Tuesday, February 12, 2008


It is perhaps a now little known fact that a dictionary will both tell you what a word means and tell you how to pronounce it. Using a dictionary to check words that you don't really know will prevent you from looking foolish. For example, the foolish misuse of a word is called a malapropism. Note the pronunciation from the dictionary [mal-uh-prop-iz-uhm].

This afternoon I was privileged to hear a student presentation on Christianity in Africa that was rather overloaded with malapropisms. Most were of the humorous mispronunciation type. It began innocently enough with the use of "animalistic" where "animistic" was more appropriate. Understandable that a word you don't know gets recast in your mind into a more familiar term. But then they started to come in fast succession. "Anglican"
[ang-gli-kuhn] was pronounced "Angel-i-can." Later we would hear the derivatives "Angel-i-cal-ism" and "Angel-i-cal-ization." This was followed shortly by "Episcopal" [i-pis-kuh-puhl] as "Epi-scAH-pickle." Then there was "macro-kisms" (probably for "macrocosms"). The sacrament of holy communion, Eucharist [yoo-kuh-rist], became "Ew-curious." "Theologians" [thee-uh-loh-juhns] were "thee-uh-lah-jins." (God-lozenges anyone?) My personal favorite was not a malapropism per se, just a humorous use of an adjective where an adverb was more appropriate -- Desmond Tutu was a "huge influential man." The best (i.e., most embarrassing part) was that at the end of the seminar hour when the professor was thanking the presenters, this person was naive enough to boast of being a "good communicator." No matter that her presentation was often uncited verbatim recitations of passages from the assigned reading. I, for one, was bored out of my mind. The only redeeming value of her presentation was the high quantity of humorous malapropisms to catalog.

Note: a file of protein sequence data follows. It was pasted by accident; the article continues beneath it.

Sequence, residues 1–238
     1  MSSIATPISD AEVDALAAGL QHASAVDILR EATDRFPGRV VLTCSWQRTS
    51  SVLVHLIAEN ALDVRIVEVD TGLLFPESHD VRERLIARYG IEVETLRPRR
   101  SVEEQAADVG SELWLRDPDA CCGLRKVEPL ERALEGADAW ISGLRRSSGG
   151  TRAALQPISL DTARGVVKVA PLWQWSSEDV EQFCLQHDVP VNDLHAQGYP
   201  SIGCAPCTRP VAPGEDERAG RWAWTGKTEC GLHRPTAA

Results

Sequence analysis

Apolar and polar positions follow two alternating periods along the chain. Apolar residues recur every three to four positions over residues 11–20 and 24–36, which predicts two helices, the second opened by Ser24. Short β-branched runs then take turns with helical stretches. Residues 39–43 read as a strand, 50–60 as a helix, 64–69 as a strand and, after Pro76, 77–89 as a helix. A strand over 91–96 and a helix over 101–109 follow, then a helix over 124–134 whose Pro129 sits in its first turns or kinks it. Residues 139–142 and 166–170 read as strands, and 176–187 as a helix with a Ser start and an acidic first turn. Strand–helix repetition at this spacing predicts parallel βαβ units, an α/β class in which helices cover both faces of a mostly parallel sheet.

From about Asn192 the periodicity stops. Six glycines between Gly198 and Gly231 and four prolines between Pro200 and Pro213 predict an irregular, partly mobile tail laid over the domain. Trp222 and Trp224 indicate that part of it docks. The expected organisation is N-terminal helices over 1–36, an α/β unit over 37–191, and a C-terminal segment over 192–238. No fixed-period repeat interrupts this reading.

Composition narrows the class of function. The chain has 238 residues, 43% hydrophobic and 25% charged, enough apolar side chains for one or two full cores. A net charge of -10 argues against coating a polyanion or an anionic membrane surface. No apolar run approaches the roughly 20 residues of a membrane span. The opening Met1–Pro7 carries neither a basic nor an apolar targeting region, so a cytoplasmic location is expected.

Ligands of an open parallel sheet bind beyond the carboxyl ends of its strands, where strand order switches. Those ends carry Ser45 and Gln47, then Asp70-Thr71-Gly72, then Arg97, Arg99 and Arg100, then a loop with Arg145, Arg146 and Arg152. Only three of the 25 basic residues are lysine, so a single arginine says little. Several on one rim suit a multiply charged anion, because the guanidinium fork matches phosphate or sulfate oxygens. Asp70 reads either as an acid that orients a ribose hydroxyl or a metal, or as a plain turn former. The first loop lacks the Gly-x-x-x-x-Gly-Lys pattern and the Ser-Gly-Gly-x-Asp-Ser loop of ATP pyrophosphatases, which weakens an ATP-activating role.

The moral of the story is that dictionaries will tell you how to pronounce a word, even proper names like "Anglican." If you're unsure about how to say a word, you now know where to look. Look it up before you use it, especially in a presentation. The quickest way to damage your credibility is to start mispronouncing words.


  1. At least those are (moderately) complex words, the other day I heard a McD's cashier call out for order # "Fo-siddy-fo" which I could only take to be my Big Mac, order # 464.

  2. I think she did pretty good. At least she didn't get into Medieval economics and how pointless the Futile System was.

  3. Since Magma is in Jo-Jah (Georgia), I think what he experienced falls more accurately under dialect than under pronunciation. Or perhaps enunciation is the problem. In the case of my class experience, here in WI we mostly all speak a variety of neutral standard American English. This presenter had no problems with dialect/accent or enunciating. After all, she's a "good communicator."